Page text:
LHJ: What are your thoughts about the fact that the term "feminism" is falling out of favor with many young women? They feel that they personally have not been discriminated against in their personal lives or at the workplace, so they feel it's no longer relevant.
NP: Well, you know, this is the normal evolution of society, and good for them that they have not felt that. I don't think anyone would say, well, I don't want them to enjoy the benefits of feminism unless they accept the term. I don't think anybody's advocating that. But I do think that we have some obstacles to overcome yet. We just don't have enough women in positions of power, whether it's political power, corporate power, academic power....
LHJ: Why is that?
NP: I think it's changing. Again, it's a natural evolution. I'm so proud of the female presidents of Ivy League universities, for example. I think it's generational. I think that for the next generation and beyond, gender won't even be an issue.
LHJ: Do you think there's something in particular about American society that somehow we have a "block" when it comes to having a female president? More seemingly "sexist" cultures -- for instance, Pakistan, India, Liberia, Chile -- have all had female heads of state, and we still have not managed to get one here.
NP: I think that we will, and Hillary Clinton's campaign bodes well for our country. She was accepted as a contender -- not merely accepted, she established herself as a contender -- right up until the end with her eloquence, with her knowledge, with her stamina. She showed that any woman can make that fight. It turned out that she did not prevail, but she could have, and so I think the path has really been paved, the opportunity has been established. And anyone who cares about women in power and a woman in the White House owes a great deal of gratitude to Hillary Clinton for her courage in going forward in the manner in which she did, for the strength with which she proceeded and success that she had. I think she showed that a woman can win the White House. It was a close call in the end. And I don't think there was anybody who thought that she couldn't win and that she wouldn't be a great president. I'm very excited about her candidacy. There are those who will do the postmortems on why she -- sorry, not the postmortems; here we call it an "after-action review" -- about what could have been done differently, but there were some things on which we can all agree: It had nothing to do with whether the American people were ready to accept a woman.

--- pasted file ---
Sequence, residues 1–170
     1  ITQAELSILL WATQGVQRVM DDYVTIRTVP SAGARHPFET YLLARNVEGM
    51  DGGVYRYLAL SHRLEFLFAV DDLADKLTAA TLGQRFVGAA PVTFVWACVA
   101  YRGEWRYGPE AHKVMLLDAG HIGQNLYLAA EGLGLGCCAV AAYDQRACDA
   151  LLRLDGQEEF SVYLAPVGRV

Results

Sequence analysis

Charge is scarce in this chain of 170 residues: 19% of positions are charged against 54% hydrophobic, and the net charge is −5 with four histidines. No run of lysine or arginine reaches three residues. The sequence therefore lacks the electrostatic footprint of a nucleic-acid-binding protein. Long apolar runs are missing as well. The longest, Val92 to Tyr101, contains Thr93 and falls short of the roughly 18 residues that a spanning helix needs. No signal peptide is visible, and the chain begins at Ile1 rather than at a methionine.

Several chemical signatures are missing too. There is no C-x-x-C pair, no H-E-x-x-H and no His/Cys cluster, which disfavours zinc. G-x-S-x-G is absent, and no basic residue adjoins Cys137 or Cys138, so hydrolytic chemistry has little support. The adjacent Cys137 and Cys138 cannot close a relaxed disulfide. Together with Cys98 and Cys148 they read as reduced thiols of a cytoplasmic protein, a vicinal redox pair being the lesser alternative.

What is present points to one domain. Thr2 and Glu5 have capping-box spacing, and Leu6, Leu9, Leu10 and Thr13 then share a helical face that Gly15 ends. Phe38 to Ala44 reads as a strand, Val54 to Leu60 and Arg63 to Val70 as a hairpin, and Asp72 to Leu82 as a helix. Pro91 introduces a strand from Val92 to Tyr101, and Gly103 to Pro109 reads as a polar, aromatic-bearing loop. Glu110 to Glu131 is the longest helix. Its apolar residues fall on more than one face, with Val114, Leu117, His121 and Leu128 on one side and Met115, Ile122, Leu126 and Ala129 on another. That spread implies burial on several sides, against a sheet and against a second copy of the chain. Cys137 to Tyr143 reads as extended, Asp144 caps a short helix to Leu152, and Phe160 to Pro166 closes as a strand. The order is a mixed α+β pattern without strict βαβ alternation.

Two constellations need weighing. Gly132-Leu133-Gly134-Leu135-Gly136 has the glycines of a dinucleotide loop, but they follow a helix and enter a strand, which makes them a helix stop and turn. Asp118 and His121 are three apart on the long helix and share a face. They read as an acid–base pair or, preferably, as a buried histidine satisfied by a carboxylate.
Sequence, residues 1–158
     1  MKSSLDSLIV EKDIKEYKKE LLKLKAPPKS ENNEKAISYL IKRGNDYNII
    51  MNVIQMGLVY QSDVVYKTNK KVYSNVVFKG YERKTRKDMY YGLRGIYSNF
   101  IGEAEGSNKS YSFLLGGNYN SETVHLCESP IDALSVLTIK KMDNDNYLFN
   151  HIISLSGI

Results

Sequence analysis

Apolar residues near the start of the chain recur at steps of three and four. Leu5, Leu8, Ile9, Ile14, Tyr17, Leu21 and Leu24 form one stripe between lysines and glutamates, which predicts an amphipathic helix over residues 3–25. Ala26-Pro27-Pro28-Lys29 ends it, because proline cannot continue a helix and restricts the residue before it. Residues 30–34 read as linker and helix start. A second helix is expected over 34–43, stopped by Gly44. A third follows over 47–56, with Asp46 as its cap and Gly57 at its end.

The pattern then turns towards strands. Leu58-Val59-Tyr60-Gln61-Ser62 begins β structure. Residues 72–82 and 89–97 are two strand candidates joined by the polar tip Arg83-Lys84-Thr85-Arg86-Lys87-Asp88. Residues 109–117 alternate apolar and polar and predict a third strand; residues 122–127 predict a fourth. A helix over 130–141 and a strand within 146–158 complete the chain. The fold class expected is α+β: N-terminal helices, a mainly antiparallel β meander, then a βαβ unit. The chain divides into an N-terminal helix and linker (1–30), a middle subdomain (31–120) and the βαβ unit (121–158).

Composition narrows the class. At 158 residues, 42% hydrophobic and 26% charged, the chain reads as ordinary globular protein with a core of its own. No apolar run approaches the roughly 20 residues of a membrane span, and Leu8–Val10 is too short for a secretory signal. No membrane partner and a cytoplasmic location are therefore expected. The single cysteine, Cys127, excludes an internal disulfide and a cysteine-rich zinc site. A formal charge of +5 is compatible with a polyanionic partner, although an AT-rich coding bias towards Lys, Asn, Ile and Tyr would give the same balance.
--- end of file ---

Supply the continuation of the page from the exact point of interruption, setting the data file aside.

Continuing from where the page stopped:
LHJ: And yet she faced a lot of criticisms -- everything from the pantsuit jokes to....
NP: Well, I wouldn't take that too seriously, because I don't think that made a difference in the outcome of the election.
LHJ: And you don't think those criticisms were particularly because she was a woman?
NP: Well, I mean, you call attention to someone and people pay attention, they notice. Now, is there sexism in the media? Well, yes -- I experience it all the time, but I don't think it makes the difference as to whether you're going to win or not. To take a different tack, I think the people who acted in a sexist way were the losers in all of this. I don't think they looked good at all; it looked like yesterday and just ... silly. I mean, my children have said to me, "Mother, if you had any idea what people say about you." And you know what? I don't care! I've done what I've set out to do. I know that the right-wing media sets out to caricature me, but if you decide to worry about that, then you might as well just pick up another line of work. They have their say and you have yours, and at the end of the day, we won. But in terms of the presidential race, women have to view this as very positive. The respect and admiration for Hillary Clinton in this country has, I believe, increased, and been enhanced by this race. And that's important not only for her but for any woman who sets out on a path to do something new. And it should be a source of encouragement to all women.
Originally published in Ladies' Home Journal, August 2008.